The reader may wish to read Passport to Magonia: On UFOs, Folklore, and Parallel Worlds, by Dr. Jacques Vallee, for an extensive examination of the “High Strangeness” factor. Other books which deal with very similar synchronicities and bizarre convolutions of events are: Revelations: Alien Contact and Human Deception, again by Dr. Vallee, and Our Haunted Planet, by John Keel as well as Strange World by Frank Edwards. Once you have read enough of this literature, you begin to see the similarities between the Rennes-le-Chateau mystery and many other events on our planet down through the centuries. Further, you get a “feel” for what is and is not truth, and how cleverly truth can be used to sandwich and promulgate lies.

Returning to the Priory of Sion documents, we can now consider the case of the three hanged men with a little more perspicacity. We KNOW we are being manipulated, and that the source of the manipulation may not necessarily be HUMAN, though its agents ARE human, as we shall see.

At about the same time of the publication of Gerard de Sede’s book L’or de Rennes, another document attributed to Henri Lobineau was deposited with the Bibliotheque Nationale entitled Dossiers secrets. Lincoln et al say it was:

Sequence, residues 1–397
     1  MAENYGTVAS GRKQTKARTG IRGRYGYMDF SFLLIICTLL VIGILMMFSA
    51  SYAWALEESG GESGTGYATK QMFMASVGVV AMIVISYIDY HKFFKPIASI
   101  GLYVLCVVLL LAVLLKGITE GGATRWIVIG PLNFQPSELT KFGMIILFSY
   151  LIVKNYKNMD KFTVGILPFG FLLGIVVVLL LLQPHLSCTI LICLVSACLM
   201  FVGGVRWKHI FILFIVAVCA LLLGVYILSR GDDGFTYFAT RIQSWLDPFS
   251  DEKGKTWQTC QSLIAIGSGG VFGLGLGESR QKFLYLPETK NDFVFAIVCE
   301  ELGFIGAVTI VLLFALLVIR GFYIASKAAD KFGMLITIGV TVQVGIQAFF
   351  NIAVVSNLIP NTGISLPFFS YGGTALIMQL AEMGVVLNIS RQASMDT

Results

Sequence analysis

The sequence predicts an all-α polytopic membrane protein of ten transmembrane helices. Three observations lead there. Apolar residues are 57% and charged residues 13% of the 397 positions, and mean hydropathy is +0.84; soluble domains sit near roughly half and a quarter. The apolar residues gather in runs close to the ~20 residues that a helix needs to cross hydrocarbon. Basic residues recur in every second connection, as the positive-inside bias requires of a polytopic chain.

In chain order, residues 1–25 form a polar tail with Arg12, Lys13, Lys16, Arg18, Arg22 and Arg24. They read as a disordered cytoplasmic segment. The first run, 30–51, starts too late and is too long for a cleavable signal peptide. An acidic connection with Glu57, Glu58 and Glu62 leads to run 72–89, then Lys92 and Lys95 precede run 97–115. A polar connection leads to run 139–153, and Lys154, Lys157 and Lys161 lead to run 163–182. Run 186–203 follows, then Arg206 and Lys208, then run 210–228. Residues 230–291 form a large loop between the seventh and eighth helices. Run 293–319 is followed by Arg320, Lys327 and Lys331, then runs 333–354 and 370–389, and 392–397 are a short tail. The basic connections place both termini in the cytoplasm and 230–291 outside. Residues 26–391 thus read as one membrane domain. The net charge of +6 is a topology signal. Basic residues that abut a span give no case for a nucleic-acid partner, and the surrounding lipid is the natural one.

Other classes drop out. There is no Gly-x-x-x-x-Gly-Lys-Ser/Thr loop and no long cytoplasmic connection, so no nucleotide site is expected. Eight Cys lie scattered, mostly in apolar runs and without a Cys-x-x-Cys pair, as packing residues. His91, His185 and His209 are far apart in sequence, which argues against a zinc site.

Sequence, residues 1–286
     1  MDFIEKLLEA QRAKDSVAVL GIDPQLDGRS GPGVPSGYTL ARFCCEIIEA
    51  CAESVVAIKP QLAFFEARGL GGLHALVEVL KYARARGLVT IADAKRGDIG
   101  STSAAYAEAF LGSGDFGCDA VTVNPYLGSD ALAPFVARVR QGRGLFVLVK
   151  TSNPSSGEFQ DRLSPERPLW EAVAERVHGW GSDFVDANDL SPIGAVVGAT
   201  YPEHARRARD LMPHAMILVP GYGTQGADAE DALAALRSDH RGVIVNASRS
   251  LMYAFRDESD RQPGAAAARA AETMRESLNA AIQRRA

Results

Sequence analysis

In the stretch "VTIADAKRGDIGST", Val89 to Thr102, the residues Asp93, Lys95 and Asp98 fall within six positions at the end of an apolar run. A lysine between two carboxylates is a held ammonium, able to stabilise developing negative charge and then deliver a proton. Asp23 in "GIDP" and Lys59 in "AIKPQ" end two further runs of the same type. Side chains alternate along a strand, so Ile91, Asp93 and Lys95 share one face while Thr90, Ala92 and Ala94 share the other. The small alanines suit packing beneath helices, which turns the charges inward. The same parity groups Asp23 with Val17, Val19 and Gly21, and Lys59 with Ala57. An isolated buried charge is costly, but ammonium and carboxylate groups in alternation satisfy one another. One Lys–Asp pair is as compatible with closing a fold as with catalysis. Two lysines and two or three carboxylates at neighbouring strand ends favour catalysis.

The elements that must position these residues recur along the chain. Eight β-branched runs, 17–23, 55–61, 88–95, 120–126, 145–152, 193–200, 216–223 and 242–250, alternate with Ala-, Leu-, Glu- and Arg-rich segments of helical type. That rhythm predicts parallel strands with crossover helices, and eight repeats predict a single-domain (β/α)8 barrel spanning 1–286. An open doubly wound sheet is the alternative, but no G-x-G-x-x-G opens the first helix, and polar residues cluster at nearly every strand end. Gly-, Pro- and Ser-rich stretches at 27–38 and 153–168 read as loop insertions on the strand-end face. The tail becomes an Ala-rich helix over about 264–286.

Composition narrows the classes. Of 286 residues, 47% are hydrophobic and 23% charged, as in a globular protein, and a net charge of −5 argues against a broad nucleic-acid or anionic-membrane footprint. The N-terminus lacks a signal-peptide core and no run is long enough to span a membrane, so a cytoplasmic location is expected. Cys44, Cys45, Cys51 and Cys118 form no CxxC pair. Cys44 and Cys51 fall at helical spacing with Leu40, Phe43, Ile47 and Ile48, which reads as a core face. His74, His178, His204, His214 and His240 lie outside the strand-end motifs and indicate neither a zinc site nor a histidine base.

…a thin, nondescript volume, a species of folder with stiff covers which contained a loose assemblage of ostensibly unrelated items – news clippings, letters pasted to backing-sheets, pamphlets, numerous genealogical trees and the odd printed page apparently extracted from the body of some other work. Periodically some of the individual pages would be removed. At different times other pages would be freshly inserted. On certain pages additions and corrections would sometimes be made in a miniscule longhand. At a later date, these pages would be replaced by new ones, printed and incorporating previous emendations.

The main thrust of this odd collection of items was the establishing of Pierre Plantard de St.-Clair as a direct lineal descendant of Dagobert II, who was assassinated in 679 and was not known to have had any legitimate issue. (Real history buffs will already know that there is a problem with the story of the assassination of Dagobert II as described in all these modern myths, but we aren’t going to go there now.)